Students  participated in four Twitter Book Chats to address the complex issues raised in each book. Because Give More HUGS strives to promote equality education, I invited the HUGS Ambassadors and Give More HUGS members in the Twitter Book Chats because of the shared interests and goals of equality education for all. This experience gave students an opportunity to use social media to participate in a 21st century book club and social movement to make this world a better place.

Genius Hour  “Shark Tank” Project Pitches

Every Friday in my classroom is Genius Hour. Genius Hour in the classroom was inspired by Google’s 20% time, where employees at Google get is 20% of their time to work on a special project.  Once a week students have one class period to explore, learn, create, discover, and research a topic that interests them. The only conditions are that students choose a topic that is researchable and will “have a positive impact on the community,” no matter how big or small it may be.  At the end of each semester, students share what they have learned in a presentation of their choice and how their work has made an impact.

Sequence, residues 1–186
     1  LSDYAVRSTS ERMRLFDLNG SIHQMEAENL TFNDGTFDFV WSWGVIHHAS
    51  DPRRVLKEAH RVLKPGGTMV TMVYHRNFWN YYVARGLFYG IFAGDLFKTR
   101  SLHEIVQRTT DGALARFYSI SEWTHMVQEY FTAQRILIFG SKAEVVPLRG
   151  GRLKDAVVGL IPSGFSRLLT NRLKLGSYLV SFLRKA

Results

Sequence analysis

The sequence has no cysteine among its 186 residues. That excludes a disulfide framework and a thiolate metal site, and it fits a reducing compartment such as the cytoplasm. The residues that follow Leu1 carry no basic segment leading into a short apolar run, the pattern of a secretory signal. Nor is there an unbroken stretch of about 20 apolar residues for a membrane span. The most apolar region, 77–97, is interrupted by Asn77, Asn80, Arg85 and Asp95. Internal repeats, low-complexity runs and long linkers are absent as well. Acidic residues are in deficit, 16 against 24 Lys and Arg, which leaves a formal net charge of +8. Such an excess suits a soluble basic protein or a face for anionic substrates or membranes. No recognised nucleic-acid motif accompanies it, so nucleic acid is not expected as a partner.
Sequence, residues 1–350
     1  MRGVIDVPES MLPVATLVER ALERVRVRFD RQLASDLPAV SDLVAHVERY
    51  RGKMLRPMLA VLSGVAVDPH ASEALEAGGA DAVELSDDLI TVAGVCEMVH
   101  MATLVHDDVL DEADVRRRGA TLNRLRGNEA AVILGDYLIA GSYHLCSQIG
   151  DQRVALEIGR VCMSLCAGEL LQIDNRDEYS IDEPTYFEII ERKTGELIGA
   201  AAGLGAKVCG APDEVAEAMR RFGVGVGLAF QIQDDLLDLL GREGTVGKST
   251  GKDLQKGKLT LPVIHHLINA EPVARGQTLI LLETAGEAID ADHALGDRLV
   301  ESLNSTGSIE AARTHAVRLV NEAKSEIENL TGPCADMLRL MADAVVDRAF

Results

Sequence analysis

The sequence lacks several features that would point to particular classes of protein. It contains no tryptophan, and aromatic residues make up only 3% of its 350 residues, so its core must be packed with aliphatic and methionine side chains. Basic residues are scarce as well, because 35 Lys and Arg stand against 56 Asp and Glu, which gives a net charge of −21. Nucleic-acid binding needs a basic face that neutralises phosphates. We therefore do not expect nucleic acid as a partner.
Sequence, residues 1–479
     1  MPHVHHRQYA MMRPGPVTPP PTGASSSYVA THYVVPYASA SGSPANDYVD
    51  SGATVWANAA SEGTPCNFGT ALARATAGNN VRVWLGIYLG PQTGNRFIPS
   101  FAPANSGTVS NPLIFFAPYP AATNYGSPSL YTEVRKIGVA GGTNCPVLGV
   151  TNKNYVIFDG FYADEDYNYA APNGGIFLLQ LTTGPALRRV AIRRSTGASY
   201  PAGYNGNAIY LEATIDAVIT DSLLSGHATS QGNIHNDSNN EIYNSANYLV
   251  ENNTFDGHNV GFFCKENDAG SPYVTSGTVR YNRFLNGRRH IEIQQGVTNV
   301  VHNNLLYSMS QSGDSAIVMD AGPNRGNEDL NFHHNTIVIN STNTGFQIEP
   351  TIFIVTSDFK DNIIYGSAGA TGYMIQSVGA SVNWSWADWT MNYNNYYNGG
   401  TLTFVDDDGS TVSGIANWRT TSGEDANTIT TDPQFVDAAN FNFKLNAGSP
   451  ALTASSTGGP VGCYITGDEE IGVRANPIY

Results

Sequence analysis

Once students selected their Genius Hour project, I required students to design an elevator pitch to explain their passion and project interests. Students took two weeks to craft their pitches.  I invited Give More HUGS founder and director, Chris McGilvery and a few of the HUGS Ambassadors into my classroom for students to present their Genius Hour elevator pitches in a “Shark Tank” style setting. Eight lucky projects were selected as “Brilliant Ideas” or “Social Change  Makers” by the HUGS representatives.  The eight “winners” were highlighted on the Give More HUGS blog and offered a wider audience to promote their social action Genius Projects.  You can Read more about this collaboration on the Give More HUGS blog.

Book Drive